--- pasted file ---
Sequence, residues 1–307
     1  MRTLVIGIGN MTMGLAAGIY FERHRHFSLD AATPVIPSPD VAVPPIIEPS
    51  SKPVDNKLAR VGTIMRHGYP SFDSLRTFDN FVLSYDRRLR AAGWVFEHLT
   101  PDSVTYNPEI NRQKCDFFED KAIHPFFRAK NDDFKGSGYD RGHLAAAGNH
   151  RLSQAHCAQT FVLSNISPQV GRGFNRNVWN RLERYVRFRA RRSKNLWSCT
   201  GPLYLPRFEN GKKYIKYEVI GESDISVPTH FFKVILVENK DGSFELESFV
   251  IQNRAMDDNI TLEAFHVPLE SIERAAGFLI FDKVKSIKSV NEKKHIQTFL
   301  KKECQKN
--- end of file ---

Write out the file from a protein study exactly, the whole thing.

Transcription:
Sequence, residues 1–307
     1  MRTLVIGIGN MTMGLAAGIY FERHRHFSLD AATPVIPSPD VAVPPIIEPS
    51  SKPVDNKLAR VGTIMRHGYP SFDSLRTFDN FVLSYDRRLR AAGWVFEHLT
   101  PDSVTYNPEI NRQKCDFFED KAIHPFFRAK NDDFKGSGYD RGHLAAAGNH
   151  RLSQAHCAQT FVLSNISPQV GRGFNRNVWN RLERYVRFRA RRSKNLWSCT
   201  GPLYLPRFEN GKKYIKYEVI GESDISVPTH FFKVILVENK DGSFELESFV
   251  IQNRAMDDNI TLEAFHVPLE SIERAAGFLI FDKVKSIKSV NEKKHIQTFL
   301  KKECQKN